We work on two different cycles at Mozilla: a quarterly cycle (this is being posted in Q1) and a six week rapid release cycle. On a quarterly basis, the l10n drivers are responsible for setting goals for the progress they’d like to make on facilitating the localizer’s ability to get involved, the number of new locales we’d like to add to the shipping line-up, and the number of locales who, for one reason or another, have fallen behind and we’d like to help catch up. We attempt to make these goals based on what we assume to know about the l10n teams we’re working with, however, we’ve seen that we often don’t have enough visibility to accurately predict the number of new locales we’ll add to the shipping list or the number of locales that can catch up in a quarter. As you can imagine, these goals aren’t always met by the end of the quarter, largely because they don’t take into account the localizer’s schedule, commitment level, technical experience, or the l10n team’s goals. Well, we’d like to change that :-)

This quarter, along with the l10n team health evaluations, we’d like to encourage all l10n teams to start setting quarterly goals with us and publishing them on their l10n team wiki page under this heading:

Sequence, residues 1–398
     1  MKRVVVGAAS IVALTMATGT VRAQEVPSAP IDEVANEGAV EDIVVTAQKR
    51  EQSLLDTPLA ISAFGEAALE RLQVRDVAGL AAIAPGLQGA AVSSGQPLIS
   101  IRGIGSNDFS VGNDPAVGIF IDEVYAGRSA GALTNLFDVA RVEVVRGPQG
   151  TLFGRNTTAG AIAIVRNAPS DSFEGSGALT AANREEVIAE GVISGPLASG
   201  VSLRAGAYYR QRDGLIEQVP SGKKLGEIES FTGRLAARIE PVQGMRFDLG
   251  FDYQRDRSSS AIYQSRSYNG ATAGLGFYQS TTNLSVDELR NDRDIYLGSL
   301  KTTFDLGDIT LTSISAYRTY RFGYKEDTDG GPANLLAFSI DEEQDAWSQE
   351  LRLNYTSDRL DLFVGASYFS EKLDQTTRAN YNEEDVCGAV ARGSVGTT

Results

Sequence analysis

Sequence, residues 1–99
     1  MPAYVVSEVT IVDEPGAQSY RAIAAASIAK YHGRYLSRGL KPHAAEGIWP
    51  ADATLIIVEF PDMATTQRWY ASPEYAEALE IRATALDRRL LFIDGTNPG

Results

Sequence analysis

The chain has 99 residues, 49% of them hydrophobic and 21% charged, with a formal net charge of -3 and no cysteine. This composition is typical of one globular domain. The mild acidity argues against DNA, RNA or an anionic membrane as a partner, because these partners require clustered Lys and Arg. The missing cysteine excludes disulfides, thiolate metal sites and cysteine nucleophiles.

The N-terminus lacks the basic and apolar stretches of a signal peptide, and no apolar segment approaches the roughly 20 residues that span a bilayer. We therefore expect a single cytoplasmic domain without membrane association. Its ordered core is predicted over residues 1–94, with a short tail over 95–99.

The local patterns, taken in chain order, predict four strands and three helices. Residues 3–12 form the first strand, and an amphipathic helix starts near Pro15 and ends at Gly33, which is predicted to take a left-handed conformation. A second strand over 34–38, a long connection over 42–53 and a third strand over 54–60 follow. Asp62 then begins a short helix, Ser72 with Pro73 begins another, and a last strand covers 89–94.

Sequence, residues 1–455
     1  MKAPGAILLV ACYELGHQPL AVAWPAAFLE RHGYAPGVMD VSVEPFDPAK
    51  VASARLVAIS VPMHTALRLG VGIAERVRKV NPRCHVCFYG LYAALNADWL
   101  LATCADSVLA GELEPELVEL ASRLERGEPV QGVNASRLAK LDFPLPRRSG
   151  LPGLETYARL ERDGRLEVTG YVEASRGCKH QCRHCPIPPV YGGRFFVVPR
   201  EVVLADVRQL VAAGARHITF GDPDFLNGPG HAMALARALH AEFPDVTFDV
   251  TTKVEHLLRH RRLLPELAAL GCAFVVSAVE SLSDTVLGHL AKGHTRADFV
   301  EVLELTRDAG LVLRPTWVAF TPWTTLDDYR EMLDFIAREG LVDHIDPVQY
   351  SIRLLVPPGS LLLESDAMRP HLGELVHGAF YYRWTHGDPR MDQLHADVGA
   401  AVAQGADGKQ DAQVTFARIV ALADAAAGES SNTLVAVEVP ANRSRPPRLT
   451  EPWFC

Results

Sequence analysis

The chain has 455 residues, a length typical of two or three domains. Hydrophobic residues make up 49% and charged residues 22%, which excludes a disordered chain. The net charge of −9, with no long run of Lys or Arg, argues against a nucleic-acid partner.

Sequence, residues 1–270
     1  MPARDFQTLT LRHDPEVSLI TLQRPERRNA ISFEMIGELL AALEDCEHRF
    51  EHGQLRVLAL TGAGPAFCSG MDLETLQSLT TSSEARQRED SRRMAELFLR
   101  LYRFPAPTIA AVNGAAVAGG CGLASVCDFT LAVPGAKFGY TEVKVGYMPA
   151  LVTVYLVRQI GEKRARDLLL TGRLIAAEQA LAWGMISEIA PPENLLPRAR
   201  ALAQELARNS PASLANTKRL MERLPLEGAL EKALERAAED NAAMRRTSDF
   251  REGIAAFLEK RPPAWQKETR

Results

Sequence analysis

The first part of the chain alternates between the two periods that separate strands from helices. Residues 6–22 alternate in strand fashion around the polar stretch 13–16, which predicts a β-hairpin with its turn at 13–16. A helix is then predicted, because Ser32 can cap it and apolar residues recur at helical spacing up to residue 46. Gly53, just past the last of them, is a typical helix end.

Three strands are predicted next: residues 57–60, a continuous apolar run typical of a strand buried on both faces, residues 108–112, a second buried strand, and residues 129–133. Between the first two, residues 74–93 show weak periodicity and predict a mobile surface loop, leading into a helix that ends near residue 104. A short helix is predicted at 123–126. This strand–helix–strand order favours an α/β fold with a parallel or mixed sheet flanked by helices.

===Team quarterly goals===

What type of goals would a l10n team set?

Here’s an example of a l10n team’s quarterly goals:

===Team quarterly goals===
* Sign off on Firefox Beta channel by week 2 of cycle.
* Add Fennec to project's list and set goal for which release to ship 
fully localized Fennec.
* Catch up on Firefox Aurora backlog. Be ready to sign off and ship 
up-to-date localized Firefox desktop at version 22.
* Recruit 2 new localizers-in-training.
* Make sure all team members have profiles in Mozillians directory and 
are in both the l10n and l10n:[locale-code] groups.

How will this help my team?